I don’t have a long tale to share today, but January 16 is the anniversary of a few important days in Middle East-related history that should be commemorated. Source: This date in history: January 16
Let’s get the big problem out in the open right up front: while October 10, 732, is the most widely accepted date for the Battle of Tours (Poitiers)—fought between an army of the Umayyad Caliphate and a European coalition under the command of Frankish majordomo Charles Martel (d. 741)—there are a lot of reasons to … Continue reading Today (maybe) in European history: the Battle of Tours (probably 732)
In the waning years of the Umayyad dynasty, a caliphal army suffered a major defeat in an area that is now part of Afghanistan, to a Turkish people called the Turgesh. The defeat was serious enough to disrupt caliphal control of the region called Transoxiana (literally “across the Oxus River,” which is today known as … Continue reading Today in Central Asian history: the Battle of the Baggage (737)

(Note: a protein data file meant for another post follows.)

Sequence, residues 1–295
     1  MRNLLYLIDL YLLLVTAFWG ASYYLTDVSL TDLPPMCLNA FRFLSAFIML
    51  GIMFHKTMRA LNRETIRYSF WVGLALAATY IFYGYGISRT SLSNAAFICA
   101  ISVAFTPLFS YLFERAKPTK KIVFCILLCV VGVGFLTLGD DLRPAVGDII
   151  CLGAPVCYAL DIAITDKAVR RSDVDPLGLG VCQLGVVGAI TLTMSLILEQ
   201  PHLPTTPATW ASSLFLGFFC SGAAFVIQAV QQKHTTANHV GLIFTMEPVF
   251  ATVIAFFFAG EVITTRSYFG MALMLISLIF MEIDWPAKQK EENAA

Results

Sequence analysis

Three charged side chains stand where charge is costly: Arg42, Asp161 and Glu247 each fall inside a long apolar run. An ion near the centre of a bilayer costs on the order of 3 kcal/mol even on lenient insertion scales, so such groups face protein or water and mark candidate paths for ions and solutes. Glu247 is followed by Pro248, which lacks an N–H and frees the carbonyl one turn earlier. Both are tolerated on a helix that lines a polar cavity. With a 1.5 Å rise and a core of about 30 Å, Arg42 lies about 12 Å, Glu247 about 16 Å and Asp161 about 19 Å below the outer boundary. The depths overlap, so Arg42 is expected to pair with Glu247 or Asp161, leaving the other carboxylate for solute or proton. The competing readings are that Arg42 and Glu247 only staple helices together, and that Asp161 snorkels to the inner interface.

Before it fell for good to the Ottomans in 1453, the city of Constantinople withstood something like a dozen sieges by foreign armies over its long history. The one successful siege, by the soldiers of the Fourth Crusade in 1204, was of course eventually rolled back when the Latin Empire went defunct in 1261. But other than that, all … Continue reading Today in European history: the Siege of Constantinople begins (maybe, 717) and ends (718)
On or around this date in 711 Berber and Visigothic armies met in the Battle of Guadalete, one of the decisive engagements in the Islamic conquest of Iberia and establishment of al-Andalus.
Islamic History Series I feel pretty certain that nowadays we would point to the advent of Islam as the most important development of the movement that Muhammad began in Mecca and Medina in the first part of the 7th century. However, to contemporary observers in the period immediately following his death, it must have seemed … Continue reading Islamic History, part 30: the early Islamic military (7th-9th centuries CE)
The early caliphate was not an especially stable place. In the two centuries after Muhammad’s death in 632, the empire went through four civil wars (the four fitnas, as they’re known). It’s fair to say that the second of these, which lasted from 680 to 692, was practically a do over of the first, with the same factions (the … Continue reading Today in Middle Eastern history: the Battle of Marj Rahit (684)